World Horror Convention 2013 GoH Interview #2: Caitlin R Kiernan

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(Photo of Caitlin R. Kiernan by Kyle Cassidy)

The New York Times recently called Caitlín R. Kiernan “one of our essential writers of dark fiction.” She is the author of various dark-fantasy novels, beginning with Silk and followed by Threshold, Low Red Moon, The Five of Cups, Murder of Angels, Daughter of Hounds, and The Red Tree. Her ninth novel, The Drowning Girl: A Memoir, was released in April 2012.

In 2011, Subterranean Press released Two Worlds and In Between: The Best of Caitlín R. Kiernan (Volume 1), a retrospective of her short fiction from 1993-2004 (a second volume is planned for 2014). Publisher?s Weekly declared the collection one of the six best F/SF works of 2011. Two of her novellas have appeared as short hardbacks: In the Garden of Poisonous Flowers and The Dry Salvages. She has also worked in comics, scripting thirty-eight issues of the DC/Vertigo comic The Dreaming, along with two mini-series: The Girl Who Would Be Death and Bast: Eternity Game. In April 2012, she returned to comics and graphic novels, writing Alabaster, which features her albino monster-slayer, Dancy Flammarion. Her next novel, Blood Oranges, will be released in 2013. Illustrated versions of The Red Tree and The Drowning Girl: A Memoir will be published in 2013 and 2014.

Born in Dublin, Ireland, Kiernan was raised in the south-eastern US, and now lives in Providence, Rhode Island with her partner.

HWA President Rocky Wood said, “Caitlín R. Kiernan’s reputation increases with every novel, graphic novel and short story she releases. She has received multiple Bram Stoker Award®, British Fantasy Award, World Fantasy Award and Shirley Jackson Award nominations. She is a worthy Author Guest of Honor for World Horror Convention and we look forward to her sharing more about her career to date, the importance of dark fantasy and her plans for the future.”

Please visit Caitlin’s website at

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Over the course of the coming months leading up to the Bram Stoker Awards® Weekend Incorporating the World Horror Convention 2013 in New Orleans, Louisiana, I will feature a series of interviews with each of the Guests of Honor.

Darkeva: Although you’re mainly known for your powerful and dark novels such as The Drowning Girl, The Red Tree, Silk, and Low Red Moon among many others, you’re also a prolific comic book writer, most notably for Alabaster, but also with Vertigo for The Girl Who Would Be Death and The Dreaming, spin-offs of sorts from Neil Gaiman’s Sandman graphic novels. Tell us a bit about how you came to write for these series, what you enjoy (or least enjoy) about writing for comics, and if you have forthcoming comic projects.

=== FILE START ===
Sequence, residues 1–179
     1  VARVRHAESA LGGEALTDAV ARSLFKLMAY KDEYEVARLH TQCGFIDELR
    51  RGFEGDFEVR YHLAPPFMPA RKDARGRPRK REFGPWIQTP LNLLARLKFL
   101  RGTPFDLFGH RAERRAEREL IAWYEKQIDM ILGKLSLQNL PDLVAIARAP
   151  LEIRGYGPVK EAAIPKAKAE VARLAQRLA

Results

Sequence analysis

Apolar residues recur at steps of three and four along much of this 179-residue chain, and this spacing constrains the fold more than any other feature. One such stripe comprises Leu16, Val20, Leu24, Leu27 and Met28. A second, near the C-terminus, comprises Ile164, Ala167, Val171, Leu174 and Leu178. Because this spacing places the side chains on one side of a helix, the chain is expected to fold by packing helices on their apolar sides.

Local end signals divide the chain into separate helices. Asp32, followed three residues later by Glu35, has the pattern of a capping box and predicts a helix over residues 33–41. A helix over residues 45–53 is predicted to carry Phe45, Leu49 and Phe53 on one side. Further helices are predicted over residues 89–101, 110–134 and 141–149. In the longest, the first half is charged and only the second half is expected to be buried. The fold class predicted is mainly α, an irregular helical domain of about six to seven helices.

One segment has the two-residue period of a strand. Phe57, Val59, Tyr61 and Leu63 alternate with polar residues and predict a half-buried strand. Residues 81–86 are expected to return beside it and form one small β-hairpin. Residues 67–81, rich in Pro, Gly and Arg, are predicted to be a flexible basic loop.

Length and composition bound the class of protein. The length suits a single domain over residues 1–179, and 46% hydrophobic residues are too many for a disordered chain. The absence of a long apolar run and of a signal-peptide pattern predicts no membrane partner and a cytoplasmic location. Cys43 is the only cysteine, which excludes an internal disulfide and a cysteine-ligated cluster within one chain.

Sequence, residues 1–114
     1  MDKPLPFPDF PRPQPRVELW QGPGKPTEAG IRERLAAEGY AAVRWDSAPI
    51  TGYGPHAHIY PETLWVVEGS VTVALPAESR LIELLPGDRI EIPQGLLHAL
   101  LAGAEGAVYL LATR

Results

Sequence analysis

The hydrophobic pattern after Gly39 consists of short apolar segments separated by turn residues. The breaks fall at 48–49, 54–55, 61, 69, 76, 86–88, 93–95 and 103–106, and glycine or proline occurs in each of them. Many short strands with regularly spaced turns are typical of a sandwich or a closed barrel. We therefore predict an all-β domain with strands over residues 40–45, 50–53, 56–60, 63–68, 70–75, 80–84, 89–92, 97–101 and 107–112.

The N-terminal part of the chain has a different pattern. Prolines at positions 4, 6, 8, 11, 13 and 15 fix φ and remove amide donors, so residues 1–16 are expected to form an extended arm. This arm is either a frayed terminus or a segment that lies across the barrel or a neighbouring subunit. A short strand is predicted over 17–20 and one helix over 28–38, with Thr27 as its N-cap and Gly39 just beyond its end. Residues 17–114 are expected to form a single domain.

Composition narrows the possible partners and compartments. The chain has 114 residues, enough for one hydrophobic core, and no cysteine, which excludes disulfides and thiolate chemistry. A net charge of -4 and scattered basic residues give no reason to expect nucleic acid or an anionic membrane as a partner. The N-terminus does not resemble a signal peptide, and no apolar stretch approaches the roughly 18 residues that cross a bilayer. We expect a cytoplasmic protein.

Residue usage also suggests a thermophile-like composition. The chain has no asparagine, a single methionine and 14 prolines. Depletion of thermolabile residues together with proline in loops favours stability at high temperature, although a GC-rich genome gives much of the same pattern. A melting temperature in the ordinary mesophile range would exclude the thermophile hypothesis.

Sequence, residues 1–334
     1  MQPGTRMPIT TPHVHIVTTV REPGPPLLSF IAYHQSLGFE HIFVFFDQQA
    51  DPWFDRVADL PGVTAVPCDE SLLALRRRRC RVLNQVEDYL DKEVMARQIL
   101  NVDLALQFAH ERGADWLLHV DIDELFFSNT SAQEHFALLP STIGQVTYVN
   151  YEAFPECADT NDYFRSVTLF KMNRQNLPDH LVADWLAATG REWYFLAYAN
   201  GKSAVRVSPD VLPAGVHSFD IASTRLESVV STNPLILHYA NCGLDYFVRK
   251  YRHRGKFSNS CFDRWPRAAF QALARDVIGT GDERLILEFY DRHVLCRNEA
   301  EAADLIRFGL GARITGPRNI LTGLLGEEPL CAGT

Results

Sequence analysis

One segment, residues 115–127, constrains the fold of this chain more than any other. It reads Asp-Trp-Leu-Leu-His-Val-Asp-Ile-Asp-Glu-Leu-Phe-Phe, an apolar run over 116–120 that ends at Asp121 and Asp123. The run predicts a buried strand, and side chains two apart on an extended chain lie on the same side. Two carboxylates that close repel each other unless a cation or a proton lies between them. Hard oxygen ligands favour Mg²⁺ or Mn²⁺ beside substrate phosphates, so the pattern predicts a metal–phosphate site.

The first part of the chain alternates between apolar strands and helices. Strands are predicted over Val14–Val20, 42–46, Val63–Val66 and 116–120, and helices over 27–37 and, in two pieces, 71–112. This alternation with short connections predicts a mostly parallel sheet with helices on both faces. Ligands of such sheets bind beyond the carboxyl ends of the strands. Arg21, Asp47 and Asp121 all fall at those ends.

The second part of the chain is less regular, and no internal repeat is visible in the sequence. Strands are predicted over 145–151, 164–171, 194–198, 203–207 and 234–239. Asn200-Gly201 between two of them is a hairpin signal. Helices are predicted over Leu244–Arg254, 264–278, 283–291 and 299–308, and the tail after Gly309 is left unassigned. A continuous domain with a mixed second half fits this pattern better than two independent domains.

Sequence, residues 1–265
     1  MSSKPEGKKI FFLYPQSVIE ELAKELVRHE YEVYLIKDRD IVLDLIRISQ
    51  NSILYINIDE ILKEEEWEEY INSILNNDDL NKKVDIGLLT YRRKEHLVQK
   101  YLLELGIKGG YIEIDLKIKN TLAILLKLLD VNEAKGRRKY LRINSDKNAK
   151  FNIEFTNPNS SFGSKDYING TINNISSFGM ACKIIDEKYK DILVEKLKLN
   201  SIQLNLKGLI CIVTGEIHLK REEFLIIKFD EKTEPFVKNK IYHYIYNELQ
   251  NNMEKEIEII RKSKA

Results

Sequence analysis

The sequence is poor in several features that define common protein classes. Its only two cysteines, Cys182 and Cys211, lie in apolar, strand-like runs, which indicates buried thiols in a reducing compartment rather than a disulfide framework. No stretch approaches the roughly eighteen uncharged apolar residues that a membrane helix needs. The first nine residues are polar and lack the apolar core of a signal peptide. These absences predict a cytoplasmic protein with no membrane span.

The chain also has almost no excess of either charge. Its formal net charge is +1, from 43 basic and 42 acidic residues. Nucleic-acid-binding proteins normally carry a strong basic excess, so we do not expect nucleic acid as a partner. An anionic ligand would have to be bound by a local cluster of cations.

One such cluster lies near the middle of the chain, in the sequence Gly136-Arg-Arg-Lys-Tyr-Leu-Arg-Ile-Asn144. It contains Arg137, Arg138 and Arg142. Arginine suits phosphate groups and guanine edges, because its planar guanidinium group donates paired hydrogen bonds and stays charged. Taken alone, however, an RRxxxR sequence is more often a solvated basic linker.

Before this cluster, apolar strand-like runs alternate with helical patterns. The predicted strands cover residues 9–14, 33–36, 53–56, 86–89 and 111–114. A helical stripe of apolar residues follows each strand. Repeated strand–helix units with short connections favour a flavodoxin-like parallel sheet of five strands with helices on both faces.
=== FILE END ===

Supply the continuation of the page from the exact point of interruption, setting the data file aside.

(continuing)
CRK: I began doing comics back in 1996, after Neil called to ask if I’d like to do a three-part story arc for The Dreaming. I was actually in Eugene, Oregon at the time, attending the WHC. I was a great admirer of The Sandman, so, naturally, I said I did. The series’ sales had been pretty abyssal, certainly not what Vertigo had expected after the wild success of The Sandman. But there was an increase in sales with my arc, so I was asked to do a second. Eventually, I was offered the opportunity to be sole writer for the comic. I wanted to do it, and the money was good. And it was great for a while. But after a year or so it became a grind. I was relieved when the series finally ended. And yes, while writing The Dreaming I also did The Girl Who Would Be Death, but I’ve all but disowned that, due to interference from DC editors who demanded changes I refused to make until they threatened to have someone else rewrite the last issue. It was ugly. A year or so I did one last mini-series for Vertigo, Bast: Eternity Game, also a Sandman tie-in. It was intended as a four-part story, but was cut to three after I started, which ruined it. And which left me with no desire ever to work for Vertigo again. Or, for that matter, in comics.

So, almost a decade went by. Oddly, I was in Oregon again, as Guest of Honor for Portland’s 2010 H. P. Lovecraft Film Festival, when Dark Horse approached me about doing a creator-owned project. And that was the only reason I went back to comics, the condition that whatever I produced would remain one-hundred percent mine. After discussing several ideas, we settled on a graphic novel featuring a character – Dancy Flammarion– whom I’d first introduced in my 2001 novel, Threshold, and then again in a 2006 collection of Dancy short stories, Alabaster. Actually, the comic is a sort of reboot. Dancy is older and more worldly. She’s not so sure about all this “red right hand of God” folderol. I titled the first mini-series Alabaster – Wolves. Honestly, I didn’t expect much to come of it, but the critics loved it. So, for now, the stories are continuing in Dark Horse Presents, a second series called Alabaster – Boxcar Tales. I’m very much enjoying working with Dark Horse. And it’s not just been me making this project work. Not by a long shot. Steve Lieber, the artist, and Rachelle Rosenberg, our colorist, Greg Ruth, whose done the astounding covers, and my editor, Rachel Edidin. She and Mike Richardson have both shown so much faith in the book, it’s been wonderful, and Dark Horse, they’ve removed most of the bad taste DC/Vertigo left me with.

Darkeva: Many people were thrilled at the announcement that the Bram Stoker Awards® Weekend and World Horror Convention would be combined this year and take place in the Crescent City. What are some of your favorite things about New Orleans?

CRK: For a while, I spent a lot of time in New Orleans, back in the mid and late nineties. I traveled a lot more back then. I went for inspiration and wound up setting a number of my earlier short stories in the city – “Breakfast in the House of the Rising Sun (Murder Ballad No. 1),” “Lafayette (Murder Ballad No. 2),” and “Spindleshanks (New Orleans, 1956)”. I wanted to write about New Orleans the way that a lot of earlier writers hadn’t. Not Anne Rice’s romanticized image, but closer to, say, Tennessee Williams, John Kennedy Toole, and William S. Burroughs. I was always trying to get away from the way the tourism trade wanted to sell New Orleans and look at what was genuinely there. Still, I look back at those short stories and they seem naïve. I had never lived there, and I think it was arrogant, believing I could capture it faithfully. Even I’d bought into a different hype, that reputation of the city as a haven to voodoo and ghosts and creepy cemeteries haunted by grave robbers. I’d just failed in another direction. It’s not that those are necessarily bad stories, but they surely fell short of what I’d hoped to accomplish.